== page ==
Is Our Experience a Construction of the Apparatus of our Brain?
1. “Color phi.” If two closely spaced dots are alternately and
briefly lighted in rapid succession, a single spot is seen to move between the
two. If the two spots are different colors, a moving spot is seen that suddenly
changes its color at the halfway point. (The two spots are lit for 150 msec
each, with a 50 msec gap between them.)
How do we know suddenly to change the color before the second flash occurs?
2. The “cutaneous rabbit". A person’s arm is mechanically tapped in different places (e.g. 5 taps on the wrist, then 2 near the elbow, then 3 more on the upper arm). The person reports that the taps seem to travel in a regular sequence over equally spaced points up the arm, as if a little animal were hopping along the arm. (Nasa diagram)
How do we know that after the 5 taps on the wrist, there were going to be some taps near the elbow? (If only the wrist is tapped then all of the taps are felt at the wrist.)
3. A person’s left cortex is
stimulated before his left hand is stimulated. We expect that he will feel two
tingles: first his right hand (cortically induced), and then his left hand (due
to the additional distance, close to a meter, the nerve impulses must travel
from the hand to the brain.) In fact, however, the person reports exactly the
opposite: "first left, then right."
4. Subjective delay of consciousness of intention. A person is asked to make a "spontaneous" decision to flex one hand at the wrist while noting the position of a clock. The reported time of the conscious decisions lagged up to 350 - 400 msec behind the onset of a "readiness potential" recorded from scalp electrodes.
Diagram from Carver, Rita,
5. “Precognitive carousel.” A person looks at slides and presses
a button when she wants to see the next. The button is a fake - what moved the
slides was electrical activity in the brain’s cortex. Subjects reported that
they were surprised when the slides moved just as they were "about to" push the
6. A person is instructed to push a button upon feeling a touch upon his arm. 200 msec after being touched, the person pushes the button, then apologizes for accidentally pushing the button. Due to normal reaction time, he pushed the button 200 msec after being touched. But 300 msec later, his brain’s sensory cortex was electrically stimulated to mask the conscious perception of the touch. He responded properly to a stimulus he did not perceive.
Does decision-making occurs prior to consciousness with conscious intent at most having an "executive veto" role in decision making? (Note: the “veto” has its own readiness potential!)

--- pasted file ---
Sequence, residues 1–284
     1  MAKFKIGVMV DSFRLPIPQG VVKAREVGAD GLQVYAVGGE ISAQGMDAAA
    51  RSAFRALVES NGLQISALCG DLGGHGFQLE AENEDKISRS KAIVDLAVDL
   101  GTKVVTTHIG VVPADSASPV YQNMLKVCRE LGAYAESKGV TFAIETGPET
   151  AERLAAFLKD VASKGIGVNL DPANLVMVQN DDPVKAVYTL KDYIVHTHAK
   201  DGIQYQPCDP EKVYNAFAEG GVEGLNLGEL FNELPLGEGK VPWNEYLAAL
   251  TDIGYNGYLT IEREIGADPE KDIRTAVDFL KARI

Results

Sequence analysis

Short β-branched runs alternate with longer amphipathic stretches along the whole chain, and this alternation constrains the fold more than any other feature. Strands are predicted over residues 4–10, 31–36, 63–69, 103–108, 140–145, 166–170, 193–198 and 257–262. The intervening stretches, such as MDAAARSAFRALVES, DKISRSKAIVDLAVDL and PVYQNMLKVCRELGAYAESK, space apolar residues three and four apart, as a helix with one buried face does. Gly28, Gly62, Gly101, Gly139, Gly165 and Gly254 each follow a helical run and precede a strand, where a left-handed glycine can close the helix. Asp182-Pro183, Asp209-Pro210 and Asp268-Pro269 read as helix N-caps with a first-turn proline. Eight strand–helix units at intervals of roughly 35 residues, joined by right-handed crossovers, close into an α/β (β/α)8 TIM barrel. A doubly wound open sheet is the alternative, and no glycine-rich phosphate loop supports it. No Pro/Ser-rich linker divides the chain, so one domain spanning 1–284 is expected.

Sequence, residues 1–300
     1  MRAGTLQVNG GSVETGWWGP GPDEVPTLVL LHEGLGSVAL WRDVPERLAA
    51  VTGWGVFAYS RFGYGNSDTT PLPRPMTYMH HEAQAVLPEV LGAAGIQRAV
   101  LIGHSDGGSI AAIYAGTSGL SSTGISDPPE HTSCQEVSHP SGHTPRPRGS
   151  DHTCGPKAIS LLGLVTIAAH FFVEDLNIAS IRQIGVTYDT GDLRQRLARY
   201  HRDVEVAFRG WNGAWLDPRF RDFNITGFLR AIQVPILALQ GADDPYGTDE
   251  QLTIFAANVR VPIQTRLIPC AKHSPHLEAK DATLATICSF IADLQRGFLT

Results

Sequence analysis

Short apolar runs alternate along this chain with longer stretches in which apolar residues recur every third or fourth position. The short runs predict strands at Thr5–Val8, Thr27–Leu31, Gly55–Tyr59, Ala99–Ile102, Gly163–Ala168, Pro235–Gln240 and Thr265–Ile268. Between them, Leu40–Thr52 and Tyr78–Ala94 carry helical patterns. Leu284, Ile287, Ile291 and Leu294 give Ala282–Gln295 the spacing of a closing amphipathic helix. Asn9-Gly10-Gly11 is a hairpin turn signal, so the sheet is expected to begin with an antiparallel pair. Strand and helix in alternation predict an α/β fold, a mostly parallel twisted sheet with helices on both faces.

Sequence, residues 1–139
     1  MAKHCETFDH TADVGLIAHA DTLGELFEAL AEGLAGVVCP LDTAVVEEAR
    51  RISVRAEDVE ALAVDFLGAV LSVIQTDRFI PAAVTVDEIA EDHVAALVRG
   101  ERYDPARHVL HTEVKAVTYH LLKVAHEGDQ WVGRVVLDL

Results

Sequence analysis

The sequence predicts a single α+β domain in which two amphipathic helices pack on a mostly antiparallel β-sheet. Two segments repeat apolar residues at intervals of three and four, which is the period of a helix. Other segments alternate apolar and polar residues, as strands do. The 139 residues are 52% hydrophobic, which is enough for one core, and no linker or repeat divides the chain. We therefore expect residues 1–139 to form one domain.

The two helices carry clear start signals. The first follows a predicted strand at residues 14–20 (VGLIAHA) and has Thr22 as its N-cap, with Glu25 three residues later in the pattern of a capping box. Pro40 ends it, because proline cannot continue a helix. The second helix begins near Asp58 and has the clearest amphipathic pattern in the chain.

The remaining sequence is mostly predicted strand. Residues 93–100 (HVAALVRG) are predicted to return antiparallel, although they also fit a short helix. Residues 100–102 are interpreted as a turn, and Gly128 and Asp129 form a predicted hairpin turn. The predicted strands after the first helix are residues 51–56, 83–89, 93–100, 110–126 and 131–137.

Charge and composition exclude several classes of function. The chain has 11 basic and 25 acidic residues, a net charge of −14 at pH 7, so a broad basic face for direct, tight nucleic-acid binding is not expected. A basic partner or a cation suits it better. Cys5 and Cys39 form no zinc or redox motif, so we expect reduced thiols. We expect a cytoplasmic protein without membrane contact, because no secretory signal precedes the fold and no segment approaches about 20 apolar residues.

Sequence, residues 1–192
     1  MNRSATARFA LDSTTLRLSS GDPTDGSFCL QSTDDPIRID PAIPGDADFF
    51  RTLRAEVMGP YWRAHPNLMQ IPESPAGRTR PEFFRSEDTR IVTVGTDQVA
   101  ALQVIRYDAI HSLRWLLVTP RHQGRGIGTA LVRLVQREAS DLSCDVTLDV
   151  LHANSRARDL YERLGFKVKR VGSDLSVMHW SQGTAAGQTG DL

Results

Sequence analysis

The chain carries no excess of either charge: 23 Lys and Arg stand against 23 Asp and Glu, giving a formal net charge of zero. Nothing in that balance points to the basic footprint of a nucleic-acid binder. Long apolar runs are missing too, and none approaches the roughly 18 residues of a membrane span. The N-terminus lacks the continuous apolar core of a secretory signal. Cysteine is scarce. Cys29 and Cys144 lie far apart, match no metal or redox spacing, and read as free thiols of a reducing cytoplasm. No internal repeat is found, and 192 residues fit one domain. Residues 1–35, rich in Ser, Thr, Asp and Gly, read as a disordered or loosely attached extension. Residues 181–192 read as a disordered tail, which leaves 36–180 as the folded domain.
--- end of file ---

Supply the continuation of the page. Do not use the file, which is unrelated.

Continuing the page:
How does the brain’s apparatus construct our conscious experience? See Dennett and Kinsbourne for their two models:
The Cartesian Theater (CT). All sensory information converges to one point in the brain from which our stream of consciousness is generated.
The Multiple Drafts Model (MDM). There is no central point. Localized discriminations in different areas of the brain are not represented for a more central discriminator (thus avoiding a homunculus). Our stream of consciousness is a number of parallel streams of conflicting and continuously revised contents (drafts) where no single one is the true version. Also the objective temporal properties of particular states do not necessarily determine the temporal properties of subjective experience.
What does this have to do with free will?
In Mapping the Mind, Rita Carver states, “When we look inside the brain we see that our actions follow from our perceptions and our perceptions are constructed by brain activity. In turn, that activity is dictated by a neuronal structure that is formed by the interplay of our genes and the environment.”
Carver, Rita, Mapping the Mind, University of California Press, 1998.
Carver, Rita, Exploring Consciousness, University of California Press, 2002.
Dennett, Daniel and Kinsbourne, Marcel, “Time and the Observer: The Where and When of Consciousness in the Brain,” in Behavioral and Brain Sciences (1996) [available at http://www.bbsonline.org/documents/a/00/00/04/50/ ]
Dennett, Daniel, Consciousness Explained, Little Brown & Company, 1991.
Gazzaniga, Michael S., The Mind’s Past, University of California Press, 1998.
Gazzaniga, Michael S., "The Split Brain Revisited," Scientific American, July 1998.
Kornhuber, H. H., "Cerebral Cortex, Cerebellum, and Basal Ganglia: An Introduction to Their Motor Functions," in The Neurosciences, Third Study Program, eds. F. O. Schmitt and F. G. Worden (Cambridge, Mass.: Massachusetts Institute of Technology, 1973), pp. 267-80.
Pickover, Clifford A., Time: A Traveler’s Guide, Oxford University Press, 1998.
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